Mariupol theater bombing was a deliberate war crime, Amnesty report says; Biden increases Ukraine aid by $800M: July 1 recap

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Editor's note: This page recaps the news from Ukraine on Friday, July 1. Follow here for the latest updates and news from July 2 as Russia's invasion continues.

Russian forces deliberately dropped two 1,000-plus-pound bombs on the Mariupol theater that was being used as a shelter March 16, resulting in a mass killing of civilians that amounted to a war crime, according to evidence cited in a report by the rights group Amnesty International released Thursday.

Amnesty said there was no indication the theater was a base of operations for Ukrainian soldiers but rather served as refuge for civilians seeking protection from weeks of relentless bombardment.

The report comes days after a Russian airstrike in a shopping mall on the central Ukraine city of Kremenchuk killed at least 18 and wounded dozens, drawing international condemnation. Russian authorities have denied targeting the mall.

The Amnesty team interviewed 52 survivors and first-hand witnesses, about half of whom were either in the theater or nearby. Using satellite imagery from that morning, the organization determined the sky was consistently clear enough for any pilot to see the word “CHILDREN” written in huge Cyrillic letters in the building’s front and back.

Accounts of the death toll have varied. Mariupol officials initially estimated around 300; an Associated Press investigation determined closer to 600 may have been killed. The Amnesty report could only confirm a dozen deaths while adding "it is likely that many additional fatalities remain unreported.''

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Latest developments

►The Treasury Department said Thursday it has blocked a $1 billion Delaware-based trust connected to sanctioned Russian oligarch Suleiman Abusaidovich Kerimov, who's also linked to a $325 million superyacht the U.S. seized earlier this month.

►British Prime Minister Boris Johnson said "toxic masculinity'' helped trigger the war in Ukraine, saying that if Russian President Vladimir Putin were a woman, "I really don't think he would've embarked on a crazy, macho war of invasion and violence in the way that he has."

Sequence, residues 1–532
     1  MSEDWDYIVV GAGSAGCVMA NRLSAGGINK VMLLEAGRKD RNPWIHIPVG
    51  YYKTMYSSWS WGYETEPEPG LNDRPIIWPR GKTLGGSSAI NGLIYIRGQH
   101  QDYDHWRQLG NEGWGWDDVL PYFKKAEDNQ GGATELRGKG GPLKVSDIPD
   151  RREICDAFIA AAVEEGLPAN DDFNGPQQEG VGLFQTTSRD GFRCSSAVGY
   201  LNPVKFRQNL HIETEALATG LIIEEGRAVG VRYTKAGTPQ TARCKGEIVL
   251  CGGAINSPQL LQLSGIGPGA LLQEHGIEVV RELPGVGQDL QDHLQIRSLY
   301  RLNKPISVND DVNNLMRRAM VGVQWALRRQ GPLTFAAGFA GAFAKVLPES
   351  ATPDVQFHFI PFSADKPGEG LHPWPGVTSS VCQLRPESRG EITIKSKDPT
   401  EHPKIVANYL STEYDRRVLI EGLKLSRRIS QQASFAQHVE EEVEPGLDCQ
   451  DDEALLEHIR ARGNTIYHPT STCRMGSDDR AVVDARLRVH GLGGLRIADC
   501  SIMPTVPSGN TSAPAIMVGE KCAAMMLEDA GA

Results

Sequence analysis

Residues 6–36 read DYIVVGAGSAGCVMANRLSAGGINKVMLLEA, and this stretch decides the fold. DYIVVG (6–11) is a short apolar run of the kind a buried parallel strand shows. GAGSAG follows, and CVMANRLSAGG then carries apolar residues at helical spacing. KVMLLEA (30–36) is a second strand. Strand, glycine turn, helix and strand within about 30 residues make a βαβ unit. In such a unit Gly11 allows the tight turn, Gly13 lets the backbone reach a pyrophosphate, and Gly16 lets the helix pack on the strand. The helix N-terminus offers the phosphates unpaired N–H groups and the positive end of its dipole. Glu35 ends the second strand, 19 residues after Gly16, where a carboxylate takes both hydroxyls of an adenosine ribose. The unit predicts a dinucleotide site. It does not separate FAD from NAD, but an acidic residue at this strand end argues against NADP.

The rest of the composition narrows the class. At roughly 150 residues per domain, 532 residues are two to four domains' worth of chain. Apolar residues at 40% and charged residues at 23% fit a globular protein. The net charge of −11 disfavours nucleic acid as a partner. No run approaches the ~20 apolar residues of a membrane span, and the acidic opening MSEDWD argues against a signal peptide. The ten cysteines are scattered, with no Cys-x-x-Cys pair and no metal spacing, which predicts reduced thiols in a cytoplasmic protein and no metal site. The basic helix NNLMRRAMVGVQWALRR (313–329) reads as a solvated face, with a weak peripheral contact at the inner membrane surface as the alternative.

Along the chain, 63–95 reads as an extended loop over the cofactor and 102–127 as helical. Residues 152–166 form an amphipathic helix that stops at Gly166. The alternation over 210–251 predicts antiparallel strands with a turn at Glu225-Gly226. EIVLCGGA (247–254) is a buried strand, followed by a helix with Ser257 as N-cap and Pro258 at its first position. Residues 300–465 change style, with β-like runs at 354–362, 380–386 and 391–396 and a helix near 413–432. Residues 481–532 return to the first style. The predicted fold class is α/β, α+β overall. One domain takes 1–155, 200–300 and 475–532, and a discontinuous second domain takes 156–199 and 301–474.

►Germany’s vice chancellor, Robert Habeck, said Thursday he suspects Russia won't resume natural gas deliveries to Europe through the Nord Stream 1 pipeline after planned maintenance work in July, complicating the winter outlook.

►Dmitry Medvedev, deputy secretary of Russia's Security Council, cautioned Thursday that Moscow could see Western sanctions as a justification for war, calling the restrictions "boorish and cynical" and bordering on "economic war."

At least 18 killed in missile strike on Odesa apartment building

KYIV, Ukraine – At least 18 people were killed and 30 were wounded in a missile strike on an apartment building in southern Ukraine’s Odesa region, authorities said Friday. It came a day after Russian troops abandoned their positions on Snake Island off the coast of Odesa that has become a symbol of stiff Ukrainian resistance to Russia's invasion.

Sergei Bratchuk, a spokesman for Odesa's military administration, said the missile strike on the nine-story apartment building was launched by aircraft in the Black Sea. At least two of the dead were children and three kids were rescued from the rubble.

Ukrainian civilians are being killed and injured every day by Russian missile strikes and artillery shelling. On Monday, at least 18 people were killed and dozens were injured in a missile strike on a shopping mall in Kremenchuk, in central Ukraine. One-thousand people were in the mall when the missile struck and at least 20 people are still missing.

Kim Hjelmgaard

At least 18 people were killed in a missile strike on an apartment building in Ukraine’s Odesa region, authorities said.
At least 18 people were killed in a missile strike on an apartment building in Ukraine’s Odesa region, authorities said.

Captors of two American veterans in Ukraine want to talk release, report says

The captors of two American veterans held as prisoners after joining Ukraine's side in the war against Russia want to negotiate their release, according to a New York Times report citing relatives of one of the men.

Lois Drueke, mother of 39-year-old Alex Drueke, said the State Department informed her it had received two calls in the last week from her son relaying the captors' desire to establish talks, the newspaper said. She also said he told the department they were being detained by Russian-backed separatists from the self-proclaimed Donetsk Peoples Republic.